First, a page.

UCRT Locale names, Languages, and Country/Region strings
You can set the
locale argument to the
_wcreate_locale functions in several ways. The locale can be set by using the locale names, languages, country/region codes, and code pages that are supported by the Windows NLS API. The
locale argument takes one of the following forms:
The locale-name form is a short, IETF-standardized string; for example,
en-US for English (United States) or
bs-Cyrl-BA for Bosnian (Cyrillic, Bosnia and Herzegovina). These forms are preferred. For a list of supported locale names by Windows operating system version, see the Language tag column of the table in Appendix A: Product Behavior in [MS-LCID]: Windows Language Code Identifier (LCID) Reference. This resource lists the supported language, script, and region parts of the locale names. For information about the supported locale names that have non-default sort orders, see the Locale name column in Sort order identifiers. Under Windows 10 or later, locale names that correspond to valid BCP-47 language tags are allowed. For example,
jp-US is a valid BCP-47 tag, but it's effectively only
US for locale functionality.
The language[_country-region[.code-page]] form is stored in the locale setting for a category when a language string, or language string and country or region string, is used to create the locale. The set of supported language strings is described in Language strings, and the list of supported country and region strings is listed in Country/Region strings. If the specified language isn't associated with the specified country or region, the default language for the specified country or region is stored in the locale setting. We don't recommend this form for locale strings embedded in code or serialized to storage: These strings are more likely to be changed by an operating system update than the locale name form.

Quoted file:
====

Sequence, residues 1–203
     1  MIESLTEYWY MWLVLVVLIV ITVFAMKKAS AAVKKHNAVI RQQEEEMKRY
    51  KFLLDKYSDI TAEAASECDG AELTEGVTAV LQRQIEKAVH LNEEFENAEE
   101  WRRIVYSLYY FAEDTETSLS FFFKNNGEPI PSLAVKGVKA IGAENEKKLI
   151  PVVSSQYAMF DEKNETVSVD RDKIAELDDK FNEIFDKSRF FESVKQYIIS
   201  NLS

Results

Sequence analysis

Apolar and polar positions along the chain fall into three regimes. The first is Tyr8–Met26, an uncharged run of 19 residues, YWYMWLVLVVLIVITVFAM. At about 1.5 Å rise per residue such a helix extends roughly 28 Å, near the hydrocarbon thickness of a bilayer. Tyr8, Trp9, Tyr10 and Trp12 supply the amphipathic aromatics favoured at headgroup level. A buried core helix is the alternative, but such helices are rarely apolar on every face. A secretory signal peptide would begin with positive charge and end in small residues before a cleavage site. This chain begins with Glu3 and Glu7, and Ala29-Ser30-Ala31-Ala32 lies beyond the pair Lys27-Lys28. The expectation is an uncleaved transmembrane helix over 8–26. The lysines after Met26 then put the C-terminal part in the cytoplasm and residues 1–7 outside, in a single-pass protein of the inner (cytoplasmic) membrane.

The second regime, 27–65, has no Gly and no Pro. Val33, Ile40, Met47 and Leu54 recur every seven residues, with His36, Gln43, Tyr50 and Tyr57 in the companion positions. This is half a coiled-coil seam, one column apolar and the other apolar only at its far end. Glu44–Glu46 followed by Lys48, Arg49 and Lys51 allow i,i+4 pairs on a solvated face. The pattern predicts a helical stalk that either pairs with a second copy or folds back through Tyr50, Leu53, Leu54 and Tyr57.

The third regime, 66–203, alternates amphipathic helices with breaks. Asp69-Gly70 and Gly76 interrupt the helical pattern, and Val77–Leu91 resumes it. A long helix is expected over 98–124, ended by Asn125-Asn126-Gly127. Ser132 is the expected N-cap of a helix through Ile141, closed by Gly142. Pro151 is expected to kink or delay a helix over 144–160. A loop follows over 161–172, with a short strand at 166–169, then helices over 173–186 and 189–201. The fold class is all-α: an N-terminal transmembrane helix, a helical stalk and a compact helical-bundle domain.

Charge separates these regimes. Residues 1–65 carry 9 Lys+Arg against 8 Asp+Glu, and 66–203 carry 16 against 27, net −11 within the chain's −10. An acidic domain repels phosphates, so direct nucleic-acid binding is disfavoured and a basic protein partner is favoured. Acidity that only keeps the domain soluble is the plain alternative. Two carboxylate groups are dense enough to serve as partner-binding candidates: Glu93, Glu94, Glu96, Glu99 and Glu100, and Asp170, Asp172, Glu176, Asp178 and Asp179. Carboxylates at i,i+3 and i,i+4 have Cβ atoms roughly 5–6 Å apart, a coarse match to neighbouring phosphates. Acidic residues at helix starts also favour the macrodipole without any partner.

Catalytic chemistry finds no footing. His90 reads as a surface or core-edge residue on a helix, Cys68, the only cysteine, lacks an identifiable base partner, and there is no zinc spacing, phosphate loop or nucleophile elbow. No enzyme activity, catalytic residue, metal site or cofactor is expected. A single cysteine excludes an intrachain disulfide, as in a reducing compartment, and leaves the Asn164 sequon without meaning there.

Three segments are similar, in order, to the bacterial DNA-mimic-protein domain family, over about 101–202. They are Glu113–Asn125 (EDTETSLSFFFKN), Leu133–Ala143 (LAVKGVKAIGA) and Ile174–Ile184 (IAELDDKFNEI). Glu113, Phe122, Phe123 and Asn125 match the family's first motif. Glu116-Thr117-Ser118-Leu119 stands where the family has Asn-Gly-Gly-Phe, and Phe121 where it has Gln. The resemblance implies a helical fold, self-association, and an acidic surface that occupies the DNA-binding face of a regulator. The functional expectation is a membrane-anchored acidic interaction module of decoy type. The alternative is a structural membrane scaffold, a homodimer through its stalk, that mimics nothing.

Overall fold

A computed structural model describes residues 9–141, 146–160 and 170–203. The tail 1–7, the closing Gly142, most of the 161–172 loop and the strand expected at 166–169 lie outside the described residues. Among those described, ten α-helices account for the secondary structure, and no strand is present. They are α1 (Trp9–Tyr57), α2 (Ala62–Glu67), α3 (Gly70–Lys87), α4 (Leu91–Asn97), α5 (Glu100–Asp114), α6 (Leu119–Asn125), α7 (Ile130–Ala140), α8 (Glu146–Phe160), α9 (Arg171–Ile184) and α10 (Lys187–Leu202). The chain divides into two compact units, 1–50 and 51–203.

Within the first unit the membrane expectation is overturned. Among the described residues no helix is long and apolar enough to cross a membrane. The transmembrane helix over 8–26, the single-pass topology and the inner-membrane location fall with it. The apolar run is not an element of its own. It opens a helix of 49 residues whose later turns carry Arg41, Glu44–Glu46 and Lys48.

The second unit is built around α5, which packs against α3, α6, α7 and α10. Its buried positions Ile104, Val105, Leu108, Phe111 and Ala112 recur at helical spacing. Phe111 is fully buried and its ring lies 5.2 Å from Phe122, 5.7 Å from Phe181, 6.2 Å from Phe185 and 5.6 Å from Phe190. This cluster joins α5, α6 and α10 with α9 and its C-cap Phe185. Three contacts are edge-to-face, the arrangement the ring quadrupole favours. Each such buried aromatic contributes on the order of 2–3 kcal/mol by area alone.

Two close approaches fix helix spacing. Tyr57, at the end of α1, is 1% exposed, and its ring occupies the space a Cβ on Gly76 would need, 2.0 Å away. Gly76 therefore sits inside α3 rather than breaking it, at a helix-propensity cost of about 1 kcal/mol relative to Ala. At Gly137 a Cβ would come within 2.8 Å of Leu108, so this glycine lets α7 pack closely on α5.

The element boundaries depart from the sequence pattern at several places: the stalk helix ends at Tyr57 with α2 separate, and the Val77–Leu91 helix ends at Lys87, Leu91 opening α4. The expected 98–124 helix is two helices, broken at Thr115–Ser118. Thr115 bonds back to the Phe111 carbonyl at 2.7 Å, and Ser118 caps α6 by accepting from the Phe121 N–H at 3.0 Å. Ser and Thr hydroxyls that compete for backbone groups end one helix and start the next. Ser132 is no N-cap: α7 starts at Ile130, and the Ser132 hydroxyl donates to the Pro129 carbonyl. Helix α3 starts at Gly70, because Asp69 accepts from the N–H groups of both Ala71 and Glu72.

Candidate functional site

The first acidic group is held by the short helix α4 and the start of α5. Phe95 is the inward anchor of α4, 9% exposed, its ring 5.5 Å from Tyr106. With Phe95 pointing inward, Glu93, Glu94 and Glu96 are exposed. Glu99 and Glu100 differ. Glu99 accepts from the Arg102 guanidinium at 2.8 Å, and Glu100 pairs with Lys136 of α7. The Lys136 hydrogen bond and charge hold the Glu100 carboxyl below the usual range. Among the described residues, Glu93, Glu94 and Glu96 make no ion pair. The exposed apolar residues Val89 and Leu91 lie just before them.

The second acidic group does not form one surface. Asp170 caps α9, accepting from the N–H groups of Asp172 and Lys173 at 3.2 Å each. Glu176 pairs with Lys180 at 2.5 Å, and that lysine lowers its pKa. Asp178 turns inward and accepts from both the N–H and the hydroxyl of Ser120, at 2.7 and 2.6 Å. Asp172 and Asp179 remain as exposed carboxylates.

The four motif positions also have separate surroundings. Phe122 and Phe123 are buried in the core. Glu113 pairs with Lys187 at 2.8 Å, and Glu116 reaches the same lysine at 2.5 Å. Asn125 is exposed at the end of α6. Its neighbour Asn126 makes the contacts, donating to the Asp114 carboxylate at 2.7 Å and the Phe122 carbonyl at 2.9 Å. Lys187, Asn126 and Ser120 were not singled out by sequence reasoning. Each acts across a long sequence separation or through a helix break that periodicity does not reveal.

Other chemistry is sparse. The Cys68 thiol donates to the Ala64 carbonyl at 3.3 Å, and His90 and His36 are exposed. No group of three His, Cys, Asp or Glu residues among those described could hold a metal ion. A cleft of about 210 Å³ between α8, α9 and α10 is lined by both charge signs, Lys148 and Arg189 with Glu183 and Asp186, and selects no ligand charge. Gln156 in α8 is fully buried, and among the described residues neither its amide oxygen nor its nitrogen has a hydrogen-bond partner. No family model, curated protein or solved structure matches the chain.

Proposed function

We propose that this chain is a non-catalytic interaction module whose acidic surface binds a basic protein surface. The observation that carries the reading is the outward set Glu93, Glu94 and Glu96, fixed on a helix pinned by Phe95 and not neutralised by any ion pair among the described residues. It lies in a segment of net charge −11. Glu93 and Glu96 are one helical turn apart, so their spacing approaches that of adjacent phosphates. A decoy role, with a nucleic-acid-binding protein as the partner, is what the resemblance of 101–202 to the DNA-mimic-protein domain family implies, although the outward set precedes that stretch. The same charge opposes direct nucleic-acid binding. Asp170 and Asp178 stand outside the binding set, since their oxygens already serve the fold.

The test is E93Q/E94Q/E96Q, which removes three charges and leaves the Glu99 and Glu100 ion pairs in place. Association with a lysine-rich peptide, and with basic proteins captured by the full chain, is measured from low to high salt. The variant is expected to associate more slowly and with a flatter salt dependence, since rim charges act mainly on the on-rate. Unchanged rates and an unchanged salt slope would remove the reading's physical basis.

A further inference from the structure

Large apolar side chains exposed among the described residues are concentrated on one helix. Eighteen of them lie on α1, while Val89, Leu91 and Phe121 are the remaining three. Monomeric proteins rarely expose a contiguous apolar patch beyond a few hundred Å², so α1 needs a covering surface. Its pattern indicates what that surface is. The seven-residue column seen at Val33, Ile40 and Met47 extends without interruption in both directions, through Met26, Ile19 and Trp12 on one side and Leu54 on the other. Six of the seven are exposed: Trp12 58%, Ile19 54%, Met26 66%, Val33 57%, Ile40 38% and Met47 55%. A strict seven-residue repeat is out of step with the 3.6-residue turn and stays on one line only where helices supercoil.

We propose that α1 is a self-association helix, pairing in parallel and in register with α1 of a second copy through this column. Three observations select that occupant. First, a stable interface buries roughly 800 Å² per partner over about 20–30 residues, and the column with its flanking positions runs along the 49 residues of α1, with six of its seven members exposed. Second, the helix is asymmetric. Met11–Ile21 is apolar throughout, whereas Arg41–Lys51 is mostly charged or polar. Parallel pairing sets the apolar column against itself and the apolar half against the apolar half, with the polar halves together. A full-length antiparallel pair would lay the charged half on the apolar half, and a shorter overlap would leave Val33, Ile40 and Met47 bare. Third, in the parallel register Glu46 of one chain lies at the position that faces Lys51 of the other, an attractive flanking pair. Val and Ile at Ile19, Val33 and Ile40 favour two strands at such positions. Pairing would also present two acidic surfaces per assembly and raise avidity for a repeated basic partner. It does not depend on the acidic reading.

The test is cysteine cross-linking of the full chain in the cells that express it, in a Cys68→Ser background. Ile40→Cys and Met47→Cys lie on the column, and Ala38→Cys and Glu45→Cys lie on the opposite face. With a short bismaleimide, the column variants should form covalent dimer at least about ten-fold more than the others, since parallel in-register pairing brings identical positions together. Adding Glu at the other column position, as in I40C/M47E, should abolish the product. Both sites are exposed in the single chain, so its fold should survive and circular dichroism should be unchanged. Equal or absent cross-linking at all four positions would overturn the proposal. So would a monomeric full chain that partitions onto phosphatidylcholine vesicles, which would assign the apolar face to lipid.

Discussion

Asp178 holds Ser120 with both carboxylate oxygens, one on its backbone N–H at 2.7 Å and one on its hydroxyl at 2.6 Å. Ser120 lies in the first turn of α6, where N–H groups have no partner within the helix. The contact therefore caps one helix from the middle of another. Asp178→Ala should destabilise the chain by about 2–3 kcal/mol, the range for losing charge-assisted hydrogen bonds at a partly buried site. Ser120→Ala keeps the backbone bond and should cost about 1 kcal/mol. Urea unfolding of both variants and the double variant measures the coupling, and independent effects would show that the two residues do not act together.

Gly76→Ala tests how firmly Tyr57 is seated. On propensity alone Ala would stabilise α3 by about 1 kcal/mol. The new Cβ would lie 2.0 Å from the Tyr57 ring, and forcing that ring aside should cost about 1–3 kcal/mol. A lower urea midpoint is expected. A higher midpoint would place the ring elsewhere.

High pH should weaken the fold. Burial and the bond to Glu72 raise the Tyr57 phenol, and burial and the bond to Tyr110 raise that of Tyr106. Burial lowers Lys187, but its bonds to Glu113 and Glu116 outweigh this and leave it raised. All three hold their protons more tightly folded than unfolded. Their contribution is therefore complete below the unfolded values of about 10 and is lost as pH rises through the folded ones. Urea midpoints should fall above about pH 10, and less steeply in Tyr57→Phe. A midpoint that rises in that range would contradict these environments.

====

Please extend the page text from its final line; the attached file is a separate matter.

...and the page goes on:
The code-page is the ANSI/OEM code page that's associated with the locale. The code page is determined for you when you specify a locale by language or by language and country/region alone. The special value
.ACP specifies the ANSI code page for the country/region. The special value
.OCP specifies the OEM code page for the country/region. For example, if you specify
"Greek_Greece.ACP" as the locale, the locale is stored as
Greek_Greece.1253 (the ANSI code page for Greek), and if you specify
"Greek_Greece.OCP" as the locale, it's stored as
Greek_Greece.737 (the OEM code page for Greek). For more information about code pages, see Code pages. For a list of supported code pages on Windows, see Code page identifiers.
If you use only the code page to specify the locale, the user's default language and country/region as reported by
GetUserDefaultLocaleName are used. For example, if you specify
".1254" (ANSI Turkish) as the locale for a user that's configured for English (United States), the locale that's stored is
English_United States.1254. We don't recommend this form, because it could lead to inconsistent behavior.
locale argument value of
C specifies the minimal ANSI conforming environment for C translation. The
C locale assumes that every
char data type is 1 byte and its value is always less than 256. If
locale points to an empty string, the locale is the implementation-defined native environment.
You can specify all of the locale categories at the same time for the
_wsetlocale functions by using the
LC_ALL category. The categories can all be set to the same locale, or you can set each category individually by using a locale argument that has this form:
You can specify multiple category types, separated by semicolons. Category types that aren't specified use the current locale setting. For example, this code snippet sets the current locale for all categories to
de-DE, and then sets the categories
_wsetlocale(LC_ALL, L"de-DE"); _wsetlocale(LC_ALL, L"LC_MONETARY=en-GB;LC_TIME=es-ES");
UTF-8 support can be enabled by using the UTF-8 code page in your locale string. For more information, see the UTF-8 support section of